Given the sticky inflation, consumers will have to wait a little longer to get relief from interest rate cuts
Headline consumer price inflation (CPI) for October surprised to the upside, jumping to 5.9% year on year, up from 5.4% in September and higher than the market expectation of 5.6%.
This rise in CPI was driven by food and nonalcoholic beverages, housing and utilities, and transport costs. CPI rose by 0.9% between September and October. Core inflation, which strips out the volatile food and nonalcoholic beverages, fuel and energy categories, moderated to 4.4% in October from 4.5% the previous month; however, the market expectation was 4.2%.
Despite this upside surprise in both headline and core CPI, the Reserve Bank unanimously kept the repo rate at 8.25% at this week’s monetary policy committee (MPC) meeting, the last sitting this year. This decision comes on the back of a marginal improvement in the CPI forecast for 2023 and 2024, now expected to average 5.8% and 5.1% respectively, after initial forecasts of 5.9% and 5%.
Inflation for 2025 is expected to average 4.5%, the midpoint of the Bank’s 3%-6% target band. There has been a marginal improvement in the outlook for core inflation too, to 4.8% and 4.6% in 2023 and 2024 from 4.9% and 4.7% previously. Core inflation is expected to converge to the midpoint of 4.5% in 2025 and 2026.
The Bank also revised its growth forecast marginally higher and its output gap narrower for 2023 and 2024. The latter should help reduce the funding needs and therefore the pace of currency weakness. In fact, the output gap fully closes this year onwards. The model-generated repo rate path suggests that all else being constant, the Bank would reduce the repo rate from the current 8.25% to 7.3% by the end of 2026, which is nearly one percentage point, with a 75 basis point reduction coming in 2024 and the remaining 25 basis points between 2025 and 2026.
As is usual, the Bank emphasised that it does not outsource MPC decisions to models but takes its outputs as input alongside other information that cannot be captured in models. It also highlighted upside risks to inflation, which, if they materialise, can change this expected interest rate path.
“Economic growth has surprised on the upside this year, largely because the impact of load-shedding on the economy has been less negative than before”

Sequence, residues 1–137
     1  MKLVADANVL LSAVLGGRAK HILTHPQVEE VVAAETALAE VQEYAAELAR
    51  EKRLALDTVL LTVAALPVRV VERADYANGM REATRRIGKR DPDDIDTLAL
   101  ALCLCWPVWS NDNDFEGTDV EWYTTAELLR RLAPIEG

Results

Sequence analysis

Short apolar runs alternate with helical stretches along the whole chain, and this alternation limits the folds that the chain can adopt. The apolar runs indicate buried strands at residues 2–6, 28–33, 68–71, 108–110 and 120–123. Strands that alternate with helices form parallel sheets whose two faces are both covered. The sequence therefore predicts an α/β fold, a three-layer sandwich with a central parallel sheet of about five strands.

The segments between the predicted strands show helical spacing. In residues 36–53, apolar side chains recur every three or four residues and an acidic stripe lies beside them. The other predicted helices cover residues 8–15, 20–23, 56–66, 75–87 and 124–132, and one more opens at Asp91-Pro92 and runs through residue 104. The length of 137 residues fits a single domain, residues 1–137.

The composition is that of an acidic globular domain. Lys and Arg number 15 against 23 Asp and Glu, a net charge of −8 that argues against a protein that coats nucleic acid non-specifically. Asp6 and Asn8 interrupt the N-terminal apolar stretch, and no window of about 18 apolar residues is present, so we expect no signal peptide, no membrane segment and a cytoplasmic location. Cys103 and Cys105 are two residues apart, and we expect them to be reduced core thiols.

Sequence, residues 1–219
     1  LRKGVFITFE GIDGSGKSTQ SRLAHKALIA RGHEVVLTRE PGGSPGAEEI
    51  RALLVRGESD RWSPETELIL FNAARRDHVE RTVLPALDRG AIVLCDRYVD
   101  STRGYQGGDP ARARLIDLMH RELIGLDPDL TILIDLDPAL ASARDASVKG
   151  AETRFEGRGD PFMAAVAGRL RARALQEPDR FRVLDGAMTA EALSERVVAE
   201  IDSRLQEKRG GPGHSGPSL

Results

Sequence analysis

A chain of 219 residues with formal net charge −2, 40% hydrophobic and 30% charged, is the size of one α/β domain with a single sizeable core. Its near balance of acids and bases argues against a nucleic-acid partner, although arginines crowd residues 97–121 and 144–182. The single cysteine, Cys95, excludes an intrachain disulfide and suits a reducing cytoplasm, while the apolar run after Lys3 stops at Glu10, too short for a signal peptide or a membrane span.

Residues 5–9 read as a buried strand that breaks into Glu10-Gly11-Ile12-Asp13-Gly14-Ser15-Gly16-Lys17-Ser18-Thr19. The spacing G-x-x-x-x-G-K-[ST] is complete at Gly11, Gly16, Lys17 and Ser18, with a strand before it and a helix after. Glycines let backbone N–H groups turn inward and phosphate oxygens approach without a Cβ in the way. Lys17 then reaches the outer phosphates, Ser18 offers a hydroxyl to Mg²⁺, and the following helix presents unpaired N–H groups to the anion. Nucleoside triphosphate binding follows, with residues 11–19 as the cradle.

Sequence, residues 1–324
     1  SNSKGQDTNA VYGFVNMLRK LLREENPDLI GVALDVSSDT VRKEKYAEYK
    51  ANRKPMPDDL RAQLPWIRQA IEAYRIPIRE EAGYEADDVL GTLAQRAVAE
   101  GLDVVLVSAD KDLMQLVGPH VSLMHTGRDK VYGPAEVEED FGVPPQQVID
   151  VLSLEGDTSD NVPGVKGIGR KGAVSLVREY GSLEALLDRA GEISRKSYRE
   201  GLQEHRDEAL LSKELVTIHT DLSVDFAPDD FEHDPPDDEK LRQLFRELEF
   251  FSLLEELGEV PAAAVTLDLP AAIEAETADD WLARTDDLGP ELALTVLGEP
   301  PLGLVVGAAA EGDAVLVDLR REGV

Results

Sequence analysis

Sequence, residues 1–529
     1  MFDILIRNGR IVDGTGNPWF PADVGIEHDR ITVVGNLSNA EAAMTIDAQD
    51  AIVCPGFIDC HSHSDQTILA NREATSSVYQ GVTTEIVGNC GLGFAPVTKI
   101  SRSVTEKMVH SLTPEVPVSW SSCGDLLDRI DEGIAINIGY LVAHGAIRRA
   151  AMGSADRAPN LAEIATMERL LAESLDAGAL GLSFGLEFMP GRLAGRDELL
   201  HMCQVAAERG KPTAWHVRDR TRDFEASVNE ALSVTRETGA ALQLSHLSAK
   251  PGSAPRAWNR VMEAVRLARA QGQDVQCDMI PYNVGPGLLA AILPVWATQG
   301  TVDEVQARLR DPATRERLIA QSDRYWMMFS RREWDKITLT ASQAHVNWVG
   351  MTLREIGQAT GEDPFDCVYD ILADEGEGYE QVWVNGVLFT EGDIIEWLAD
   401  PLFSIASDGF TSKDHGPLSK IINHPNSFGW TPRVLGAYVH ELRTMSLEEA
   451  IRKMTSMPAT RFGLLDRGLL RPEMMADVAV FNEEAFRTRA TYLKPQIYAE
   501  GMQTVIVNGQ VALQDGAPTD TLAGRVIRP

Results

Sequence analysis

Given the sticky inflation, consumers will have to wait a little longer to get relief from interest rate cuts. That said, 2024 is shaping up for a far better ending than how it will start, and better than the beginning and end of this year.
Economic growth has surprised on the upside this year, largely because the impact of load-shedding on the economy has been less negative than before. The response from companies and households to changes in energy regulations helped the economy to be more resilient to load-shedding. This resilience will likely continue, which should provide an uplift to economic growth compared to current expectations.
There is, however, a hesitation to update economic growth forecasts to reflect this improvement on the energy front due to the potential for the 2024 elections to produce unstable coalitions that might undo economic reforms. This is not just South African analysts’ pessimism, it’s a concern that is shared by international investors and domestic investors and corporates alike.
For investors, the run-up to the election will be both interesting and boring. Interesting from the perspective that election polling data will likely see swings in expectations. Boring in the sense that few will want to make big investment decisions before the election. Monetary policy will also be likely boring in that we will not get much change in language or forecasts until the Bank starts cutting rates. That’s usual, provided all things remain unchanged, which they so often do not.
There are global factors to contend with: the US Federal Reserve and European Central Bank interest rate decisions; China’s fiscal policy stimulus; the war in Ukraine and the Hamas-Israel conflict; and other unknown unknowns.